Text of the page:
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* Dollar on track for best one-day gain since mid-December
* Euro hit by French election fears
* Technical buying also boosts dollar
By Gertrude Chavez-Dreyfuss
NEW YORK, Feb 7 The dollar climbed to a more
than one-week high on Tuesday as it gained for a fifth straight
session, bolstered by technical buying after recent losses, as
well as political uncertainty in Europe with a slew of elections
The greenback was on track to post it best one-day gain
since mid-December, rising at the expense of the euro, which has
struggled on renewed worries about Greece's debt problems and
signs that far-right candidate Marine Le Pen is gaining momentum
before France's presidential election.
"The dollar is benefiting from mounting political
uncertainty ahead of a number of crucial elections in the euro
zone and from buying by bargain-hunters, looking to pick up the
greenback following its worst start to the year in 30 years,"
said Omer Esiner, chief market analyst at Commonwealth Foreign
Exchange in Washington.
Elections in the Netherlands, Germany and possibly Italy,
more wrangling over Greece's bailout and an upcoming reduction
in the European Central Bank's monthly bond-buying are all
playing on investor nerves, analysts said.
In morning trade, the dollar index rose 0.6 percent to
100.53, recovering from its worst January performance
since 1987. It also gained 0.6 percent against the yen to 112.39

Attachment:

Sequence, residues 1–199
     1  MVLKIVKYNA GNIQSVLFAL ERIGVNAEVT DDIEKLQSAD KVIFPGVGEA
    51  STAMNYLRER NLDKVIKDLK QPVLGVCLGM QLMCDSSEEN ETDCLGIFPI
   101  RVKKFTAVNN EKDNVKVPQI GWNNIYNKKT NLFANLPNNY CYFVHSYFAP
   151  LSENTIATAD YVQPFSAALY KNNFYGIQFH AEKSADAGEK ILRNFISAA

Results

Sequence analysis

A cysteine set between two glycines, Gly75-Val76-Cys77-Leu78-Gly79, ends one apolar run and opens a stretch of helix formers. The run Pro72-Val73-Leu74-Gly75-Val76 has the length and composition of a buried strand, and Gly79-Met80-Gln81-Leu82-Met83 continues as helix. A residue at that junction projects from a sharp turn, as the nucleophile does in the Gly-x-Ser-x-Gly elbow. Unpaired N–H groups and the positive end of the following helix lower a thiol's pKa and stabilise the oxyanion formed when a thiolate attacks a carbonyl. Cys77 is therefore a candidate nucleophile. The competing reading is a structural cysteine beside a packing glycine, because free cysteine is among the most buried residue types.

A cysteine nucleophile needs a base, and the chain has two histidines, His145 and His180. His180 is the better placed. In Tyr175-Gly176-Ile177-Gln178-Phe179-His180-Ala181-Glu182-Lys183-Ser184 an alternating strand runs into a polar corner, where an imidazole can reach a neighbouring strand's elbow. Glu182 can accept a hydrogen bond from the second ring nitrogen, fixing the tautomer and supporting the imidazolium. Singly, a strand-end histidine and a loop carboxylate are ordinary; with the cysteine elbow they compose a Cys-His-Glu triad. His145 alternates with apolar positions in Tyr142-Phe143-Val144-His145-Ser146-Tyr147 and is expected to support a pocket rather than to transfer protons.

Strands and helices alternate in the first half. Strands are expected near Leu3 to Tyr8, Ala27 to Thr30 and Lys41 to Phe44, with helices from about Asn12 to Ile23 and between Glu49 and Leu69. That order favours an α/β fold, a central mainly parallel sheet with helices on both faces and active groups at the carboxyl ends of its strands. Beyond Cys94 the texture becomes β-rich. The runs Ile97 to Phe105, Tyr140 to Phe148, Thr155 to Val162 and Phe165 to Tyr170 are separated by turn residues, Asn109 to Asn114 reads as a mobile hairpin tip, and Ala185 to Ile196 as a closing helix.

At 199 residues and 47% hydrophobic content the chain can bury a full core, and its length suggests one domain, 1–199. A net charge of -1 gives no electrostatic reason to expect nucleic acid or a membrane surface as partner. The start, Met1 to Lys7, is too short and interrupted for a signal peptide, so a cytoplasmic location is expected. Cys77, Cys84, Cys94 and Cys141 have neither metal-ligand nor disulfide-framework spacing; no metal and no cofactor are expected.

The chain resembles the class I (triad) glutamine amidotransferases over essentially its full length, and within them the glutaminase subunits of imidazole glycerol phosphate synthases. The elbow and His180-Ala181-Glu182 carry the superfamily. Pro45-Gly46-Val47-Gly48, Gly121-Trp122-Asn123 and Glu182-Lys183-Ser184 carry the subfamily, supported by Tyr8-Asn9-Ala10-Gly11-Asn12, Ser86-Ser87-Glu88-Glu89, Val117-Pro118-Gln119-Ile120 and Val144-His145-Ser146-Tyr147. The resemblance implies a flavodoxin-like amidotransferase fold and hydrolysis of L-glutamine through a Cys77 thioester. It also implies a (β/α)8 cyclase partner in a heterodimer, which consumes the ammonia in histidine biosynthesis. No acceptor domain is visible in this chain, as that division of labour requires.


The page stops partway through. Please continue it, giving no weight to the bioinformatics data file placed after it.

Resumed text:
The dollar's gains accelerated after China reported its
foreign exchange reserves unexpectedly fell below the $3
trillion level in January for the first time in nearly six
The euro, meanwhile, fell 0.7 percent to $1.0677, on
pace for its worst daily performance in about three weeks.
France's tightly contested presidential race sank deeper
into smear and sleaze on Tuesday after centrist Emmanuel Macron
was forced to deny an extramarital affair and as scandal
continued to dog conservative Francois Fillon and his party.
"All in all it's been a virtuous tailwind for the U.S.
dollar this morning and there is also fear of capital flight
(from China) which is feeding safe-haven flows," said Jeremy
Stretch, head of currency strategy at CIBC in London.
Widespread predictions late last year that the U.S. currency
would gain in early 2017 have been upset by a combination of
worries about President Donald Trump's protectionist bent and
the global implications of his approach to geopolitics,
"Until we have answers to some of the big (policy) questions
I can't see any free space for dollar bulls to run into. They
are fearful of what the administration is prepared to do to
actually keep a lid on the dollar," said Neil Mellor, senior
currency strategist with Bank of New York Mellon in London.
(Reporting by Gertrude Chavez-Dreyfuss; Additional reporting by
John Geddie and Patrick Graham in London; Editing by Dan